• X-Men Film Series: Upon realizing Jean's limitless potential, Xavier grows afraid that she might one day be consumed by her powers and represses them by placing her under several psychic barriers. However, this has the side-effect of creating the Phoenix, a Split Personality who embodies her rage and lust, but lays dormant within Jean's subconscious for several years. Once the psychic locks are shattered, the Phoenix manifests itself as a murderous force of nature who furiously blames Xavier for messing with her head.

  • The Empirium Trilogy: Ever since she was five, Rielle was forced to hide her powers and, to some extent, her person from the world. As the years passed, she began to believe her father's verbal abuse- continually reminding her that she's a monster/killer/dangerous/etc.- and thus eventually stopped fighting him for her freedom. This has the unintended side effect of making her powers more volatile, culminating in one particular burst of raw power that winds up killing, not just Rielle's father, but Audric's father too (who is also the King of Celdaria).
  • Harry Potter:
    • Obscurials are wizards who consciously repressed their powers as a result of abuse or prejudice. During moments of distress, their pent-up power causes them to involuntarily transform into a highly destructive magical force that embodies their fury and despair.
    • As Aberforth Dumbledore discloses to the lead trio during the events of Harry Potter and the Deathly Hallows, his sister Arianna spent the rest of her life trying to repress her magical power after having suffered abuse when she was six, with devastating results like accidentally getting her and Aberforth's mother killed, though she never became an Obscurial herself.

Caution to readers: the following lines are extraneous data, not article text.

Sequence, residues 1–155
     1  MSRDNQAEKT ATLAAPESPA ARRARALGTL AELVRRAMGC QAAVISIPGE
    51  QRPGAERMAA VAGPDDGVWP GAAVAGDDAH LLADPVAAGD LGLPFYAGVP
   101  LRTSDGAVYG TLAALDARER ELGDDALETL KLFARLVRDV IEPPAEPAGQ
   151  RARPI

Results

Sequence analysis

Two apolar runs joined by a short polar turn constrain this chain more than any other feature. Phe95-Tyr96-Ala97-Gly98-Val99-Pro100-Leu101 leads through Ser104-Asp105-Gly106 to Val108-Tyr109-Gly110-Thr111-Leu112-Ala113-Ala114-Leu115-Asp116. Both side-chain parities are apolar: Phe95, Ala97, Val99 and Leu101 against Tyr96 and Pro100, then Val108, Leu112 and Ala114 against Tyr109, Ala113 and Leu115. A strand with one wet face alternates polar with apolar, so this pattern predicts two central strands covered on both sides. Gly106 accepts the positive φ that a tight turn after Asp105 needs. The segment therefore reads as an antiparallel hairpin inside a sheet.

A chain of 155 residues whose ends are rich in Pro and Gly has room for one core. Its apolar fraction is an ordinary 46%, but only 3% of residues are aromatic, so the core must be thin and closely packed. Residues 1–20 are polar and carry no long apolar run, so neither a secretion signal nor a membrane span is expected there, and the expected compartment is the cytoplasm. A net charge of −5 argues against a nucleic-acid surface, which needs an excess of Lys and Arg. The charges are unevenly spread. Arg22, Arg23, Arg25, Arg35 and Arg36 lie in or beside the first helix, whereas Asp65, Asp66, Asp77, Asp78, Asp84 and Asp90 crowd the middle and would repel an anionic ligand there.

• Discussed in the Junie B. Jones book "And Some Sneaky Peeky Spying". Junie B. catches her teacher (known only as "Mrs.") secretly eating a grape from the store without paying. Not wanting Mrs. to get in trouble, she keeps this to herself, but Lucille warns her that if she keeps a secret, her head will explode.

    Live-Action TV 
  • Brooklyn Nine-Nine: Jake and Boyle arrogantly believe they can manage an eight-day stakeout without a relief team. Unfortunately, they quickly realize how hellish it really is, but in order to prove themselves right, they pretend everything is fine and formulate a No-No List to ban potentially annoying behaviors. This only make things worse and eventually results in a massive fight between the two as they are unable to keep it together any longer.
  • In Curon, anytime someone tries to completely repress their "inner self," it rises from the lake as an Evil Twin that tries to Kill and Replace them to live the life they tried to deny it.